“Everything is filled with expectation at the end of the story,” Brittani Yawn utters near the conclusion of “The Ridiculous Darkness,” Wolfram Lotz’s contemporary German hit, making its Midwest premiere with Sideshow Theatre Company. With this line, our emotional state has been encapsulated. The characters onstage have reached the conclusion of their military mission and we, the audience, with bated breath, are collectively wondering, without words at all: now what?
The answer that the play provides is, ultimately, why I must wholeheartedly recommend director Ian Damont Martin’s bold, eclectic, frustrating, rambling, mesmerizing and altogether scattered production. Within a show filled with theatrical experimentation of varying success, the final moments provide a powerful and moving answer to a question that the rest of the production isn’t sure whether it’s asking.
Some background: Lotz’s script (translated by Daniel Brunet) began life as a radio play, which the German scribe has given theater companies that most gracious of gifts: the chance to make it their own by granting artists the opportunity to adapt and change his text as needed from production to production, as he explained in an interview a few years ago.
Martin and his team have done Lotz proud, intensely grappling with how this text—a contemporary spin on “Heart of Darkness” and “Apocalypse Now,” juxtaposed with present-day military occupations—intersects with systemized racism in our military and police force. Some of the more contemporary utterances and references throughout, one gathers, are unique to this production and provide a sense of immediacy that make the play seem as vital as possible.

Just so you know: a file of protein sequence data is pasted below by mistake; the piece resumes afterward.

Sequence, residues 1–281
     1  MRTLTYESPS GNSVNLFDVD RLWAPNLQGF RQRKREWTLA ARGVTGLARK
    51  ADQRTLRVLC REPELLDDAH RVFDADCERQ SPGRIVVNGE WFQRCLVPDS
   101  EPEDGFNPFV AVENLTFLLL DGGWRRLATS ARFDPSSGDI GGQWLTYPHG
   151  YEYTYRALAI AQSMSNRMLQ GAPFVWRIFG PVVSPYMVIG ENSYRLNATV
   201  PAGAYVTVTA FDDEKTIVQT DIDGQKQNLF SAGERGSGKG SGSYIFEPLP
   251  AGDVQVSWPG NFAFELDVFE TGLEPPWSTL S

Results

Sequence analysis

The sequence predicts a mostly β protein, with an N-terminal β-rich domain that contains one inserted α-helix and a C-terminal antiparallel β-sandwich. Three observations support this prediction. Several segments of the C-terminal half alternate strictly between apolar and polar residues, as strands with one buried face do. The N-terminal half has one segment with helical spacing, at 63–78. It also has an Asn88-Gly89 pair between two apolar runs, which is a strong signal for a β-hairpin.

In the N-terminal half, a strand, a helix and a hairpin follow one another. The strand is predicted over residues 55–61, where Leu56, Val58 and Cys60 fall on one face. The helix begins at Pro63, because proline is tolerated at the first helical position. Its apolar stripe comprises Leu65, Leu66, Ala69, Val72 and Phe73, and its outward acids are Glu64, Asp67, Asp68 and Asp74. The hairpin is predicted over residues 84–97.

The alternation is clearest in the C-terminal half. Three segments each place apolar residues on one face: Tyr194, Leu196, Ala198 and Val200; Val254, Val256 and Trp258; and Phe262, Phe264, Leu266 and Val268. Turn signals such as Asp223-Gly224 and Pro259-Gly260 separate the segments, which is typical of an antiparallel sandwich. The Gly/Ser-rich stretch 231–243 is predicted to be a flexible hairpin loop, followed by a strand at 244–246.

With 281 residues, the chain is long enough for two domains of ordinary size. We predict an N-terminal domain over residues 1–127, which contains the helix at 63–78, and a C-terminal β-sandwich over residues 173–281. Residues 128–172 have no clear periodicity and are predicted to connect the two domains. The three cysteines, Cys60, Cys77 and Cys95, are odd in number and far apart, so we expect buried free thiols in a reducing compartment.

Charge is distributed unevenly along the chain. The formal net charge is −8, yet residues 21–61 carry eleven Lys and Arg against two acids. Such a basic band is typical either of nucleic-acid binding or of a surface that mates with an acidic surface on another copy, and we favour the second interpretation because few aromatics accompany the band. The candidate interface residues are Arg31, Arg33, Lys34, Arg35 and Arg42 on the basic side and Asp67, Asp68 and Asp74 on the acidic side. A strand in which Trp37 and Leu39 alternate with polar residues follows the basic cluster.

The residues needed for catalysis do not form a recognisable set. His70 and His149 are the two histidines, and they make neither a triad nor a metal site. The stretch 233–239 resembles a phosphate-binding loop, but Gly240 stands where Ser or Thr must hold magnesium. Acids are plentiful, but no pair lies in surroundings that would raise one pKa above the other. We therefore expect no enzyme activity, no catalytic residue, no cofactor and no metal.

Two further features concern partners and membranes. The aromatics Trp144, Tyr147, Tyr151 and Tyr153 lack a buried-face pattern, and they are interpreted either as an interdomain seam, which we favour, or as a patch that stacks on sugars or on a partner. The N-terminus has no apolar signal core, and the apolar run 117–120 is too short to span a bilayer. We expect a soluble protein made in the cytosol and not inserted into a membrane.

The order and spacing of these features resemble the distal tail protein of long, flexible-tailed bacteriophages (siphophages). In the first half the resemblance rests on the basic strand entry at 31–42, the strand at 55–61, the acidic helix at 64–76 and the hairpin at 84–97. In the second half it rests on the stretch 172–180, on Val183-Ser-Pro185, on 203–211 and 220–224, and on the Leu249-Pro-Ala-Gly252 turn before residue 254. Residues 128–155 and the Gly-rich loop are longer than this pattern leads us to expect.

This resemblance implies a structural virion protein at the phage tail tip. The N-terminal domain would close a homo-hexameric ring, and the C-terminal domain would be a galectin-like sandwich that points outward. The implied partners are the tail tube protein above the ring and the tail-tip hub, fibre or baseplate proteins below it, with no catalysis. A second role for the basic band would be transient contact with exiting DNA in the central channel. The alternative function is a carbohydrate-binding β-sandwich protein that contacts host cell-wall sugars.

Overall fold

Lotz’s script has a grand episodic nature, following the journey of Sergeant Oliver Pellner (a fiery RjW Mays) and his sidekick, Stefan (the brilliant Brittani Yawn), on a top-secret wartime mission in a foreign nation. The fragmented nature of the narrative means that your engagement and enjoyment may vary from scene to scene. This is especially true of the play’s prologue of sorts, brilliantly performed by Meagan Dilworth, but the payoff to which arrives far too late in the story.
The general narrative is also spliced with two dance sequences, with evocative choreography by Tuesdai B. Perry, the second of which provides a hint of the production’s larger themes, although it comes off more as a spoiler of the show’s thesis statement than a natural progression of the play’s thematic narrative. It also doesn’t help that Lauren Nigri’s scenic design, beautiful and poetic as it is, provides the actors limited physical playing space to craft the sprawling world of the wilderness through which they travel.
But that ending. Martin’s thesis statement is hammered home in a beautiful moment of technical marvel that I wouldn’t dare spoil. The journey to this thrilling conclusion is one that pays off in retrospect, but from moment-to-moment it may not be as clear as some might wish it to be. Even so, Martin’s ultimate mission as a theater-maker is clear: create work that is provocative, impassioned and absolutely necessary. (Ben Kaye)
Sideshow Theatre Company at Victory Gardens Theater, 2433 North Lincoln, (773)871-3000, sideshowtheatre.org, $15-$30. Through April 28.